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Cannoli, (plural) in Sicilian, are Sicilian pastry desserts. The singular is cannolo, meaning “little tube”, with the etymology stemming from the Latin "canna", or reed. Cannoli originated in Sicily and are an essential part of Sicilian cuisine.

Left: Cannoli Siciliani, a typical sicilan sweet.

They are also popular in Italian American cuisine and in America are known as a general Italian pastry, while they are specifically Sicilian in origin (in Italy, they're commonly known as "cannoli siciliani", Sicilian cannoli).

Cannoli consist of tube-shaped shells of fried pastry dough, filled with a sweet, creamy filling usually containing ricotta cheese and chopped succade (the candied peel of any of the citrus species). They range in size from "cannulicchi", no bigger than a finger, to the fist-sized proportions typically found in Piana degli Albanesi, south of Palermo, Sicily.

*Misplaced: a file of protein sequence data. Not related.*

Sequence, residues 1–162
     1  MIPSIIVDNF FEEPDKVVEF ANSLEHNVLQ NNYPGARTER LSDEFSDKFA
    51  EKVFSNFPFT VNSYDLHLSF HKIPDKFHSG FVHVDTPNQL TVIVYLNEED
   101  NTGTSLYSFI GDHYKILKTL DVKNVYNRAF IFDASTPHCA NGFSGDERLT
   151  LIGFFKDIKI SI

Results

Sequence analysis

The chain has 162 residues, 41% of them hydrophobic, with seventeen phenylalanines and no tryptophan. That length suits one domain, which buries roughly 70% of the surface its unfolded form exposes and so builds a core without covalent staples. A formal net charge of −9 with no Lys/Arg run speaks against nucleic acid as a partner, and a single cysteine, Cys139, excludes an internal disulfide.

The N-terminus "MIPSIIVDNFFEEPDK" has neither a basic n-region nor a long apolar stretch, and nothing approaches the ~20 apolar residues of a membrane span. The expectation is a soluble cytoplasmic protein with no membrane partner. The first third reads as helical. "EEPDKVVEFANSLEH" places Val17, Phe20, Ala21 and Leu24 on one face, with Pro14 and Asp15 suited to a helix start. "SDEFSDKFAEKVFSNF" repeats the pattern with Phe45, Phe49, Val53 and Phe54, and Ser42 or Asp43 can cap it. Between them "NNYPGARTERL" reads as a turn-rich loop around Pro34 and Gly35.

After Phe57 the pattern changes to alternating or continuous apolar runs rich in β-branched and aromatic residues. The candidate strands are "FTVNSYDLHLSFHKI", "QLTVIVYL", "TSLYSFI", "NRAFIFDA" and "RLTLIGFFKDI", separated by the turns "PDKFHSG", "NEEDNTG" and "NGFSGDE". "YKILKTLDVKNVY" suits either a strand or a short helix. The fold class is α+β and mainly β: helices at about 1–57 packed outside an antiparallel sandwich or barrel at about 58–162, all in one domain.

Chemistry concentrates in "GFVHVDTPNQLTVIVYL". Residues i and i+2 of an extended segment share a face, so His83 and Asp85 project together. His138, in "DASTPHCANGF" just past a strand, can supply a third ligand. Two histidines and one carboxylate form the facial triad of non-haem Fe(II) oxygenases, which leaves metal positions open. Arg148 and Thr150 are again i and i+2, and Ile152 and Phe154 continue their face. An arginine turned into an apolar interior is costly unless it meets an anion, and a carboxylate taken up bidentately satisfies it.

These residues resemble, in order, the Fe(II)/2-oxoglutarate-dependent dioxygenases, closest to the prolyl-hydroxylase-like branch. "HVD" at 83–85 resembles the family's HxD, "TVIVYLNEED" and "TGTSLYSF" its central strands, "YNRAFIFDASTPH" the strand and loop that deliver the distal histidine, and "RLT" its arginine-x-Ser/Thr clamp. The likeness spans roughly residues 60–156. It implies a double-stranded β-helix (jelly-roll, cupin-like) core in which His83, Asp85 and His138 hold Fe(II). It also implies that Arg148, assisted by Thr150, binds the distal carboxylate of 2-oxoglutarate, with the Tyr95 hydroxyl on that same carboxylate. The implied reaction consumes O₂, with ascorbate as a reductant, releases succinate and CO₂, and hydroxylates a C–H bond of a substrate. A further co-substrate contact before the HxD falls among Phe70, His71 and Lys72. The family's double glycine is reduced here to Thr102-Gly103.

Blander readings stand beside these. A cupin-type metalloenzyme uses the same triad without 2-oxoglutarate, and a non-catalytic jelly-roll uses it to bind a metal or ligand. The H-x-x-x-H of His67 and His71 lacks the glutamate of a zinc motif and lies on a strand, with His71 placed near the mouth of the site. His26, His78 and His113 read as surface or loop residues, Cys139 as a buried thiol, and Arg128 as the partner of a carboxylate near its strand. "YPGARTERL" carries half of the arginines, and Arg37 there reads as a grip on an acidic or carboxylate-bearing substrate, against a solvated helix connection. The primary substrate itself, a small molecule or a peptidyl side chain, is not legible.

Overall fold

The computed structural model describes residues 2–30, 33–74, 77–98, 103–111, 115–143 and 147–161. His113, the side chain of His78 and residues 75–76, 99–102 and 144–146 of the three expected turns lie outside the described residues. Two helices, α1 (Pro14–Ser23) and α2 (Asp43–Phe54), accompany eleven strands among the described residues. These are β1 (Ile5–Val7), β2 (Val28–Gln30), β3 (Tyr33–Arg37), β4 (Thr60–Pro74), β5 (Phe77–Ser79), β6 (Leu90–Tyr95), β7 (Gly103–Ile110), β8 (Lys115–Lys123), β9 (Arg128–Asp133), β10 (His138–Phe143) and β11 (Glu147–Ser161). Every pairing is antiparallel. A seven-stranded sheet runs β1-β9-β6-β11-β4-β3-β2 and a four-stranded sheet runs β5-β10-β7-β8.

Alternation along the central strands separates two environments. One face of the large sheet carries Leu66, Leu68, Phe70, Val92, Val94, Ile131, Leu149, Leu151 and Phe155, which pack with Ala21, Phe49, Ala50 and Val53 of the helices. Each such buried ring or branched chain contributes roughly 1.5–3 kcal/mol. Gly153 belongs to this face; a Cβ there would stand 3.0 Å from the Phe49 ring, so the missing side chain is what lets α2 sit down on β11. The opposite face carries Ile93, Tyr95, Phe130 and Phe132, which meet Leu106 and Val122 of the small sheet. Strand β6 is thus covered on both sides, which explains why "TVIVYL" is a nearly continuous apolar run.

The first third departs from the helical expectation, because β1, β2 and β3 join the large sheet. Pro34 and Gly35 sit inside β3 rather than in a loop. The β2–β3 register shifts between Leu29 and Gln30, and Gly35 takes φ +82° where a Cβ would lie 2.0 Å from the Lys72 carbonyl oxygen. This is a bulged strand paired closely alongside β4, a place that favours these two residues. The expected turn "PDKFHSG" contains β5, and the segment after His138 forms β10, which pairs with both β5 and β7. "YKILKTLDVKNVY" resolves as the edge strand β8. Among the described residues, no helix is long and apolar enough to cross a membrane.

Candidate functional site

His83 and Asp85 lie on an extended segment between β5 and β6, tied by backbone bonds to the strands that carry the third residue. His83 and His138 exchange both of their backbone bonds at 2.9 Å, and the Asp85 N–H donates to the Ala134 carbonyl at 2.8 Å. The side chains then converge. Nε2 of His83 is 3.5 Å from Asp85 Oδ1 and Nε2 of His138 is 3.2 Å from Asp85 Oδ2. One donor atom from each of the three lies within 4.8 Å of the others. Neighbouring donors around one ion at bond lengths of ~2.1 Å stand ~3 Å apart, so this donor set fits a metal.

The shell is a dough made of flour, butter, sugar and other ingredients. It is formed into an oval, wrapped around a dough ring and fried. The shells can be filled with creme by using a spoon or pastry bag. If not served quickly, the shells will lose their crisp texture.

As with Sicilian cassata, Sicilian cannoli probably date back to the time of Arab domination.


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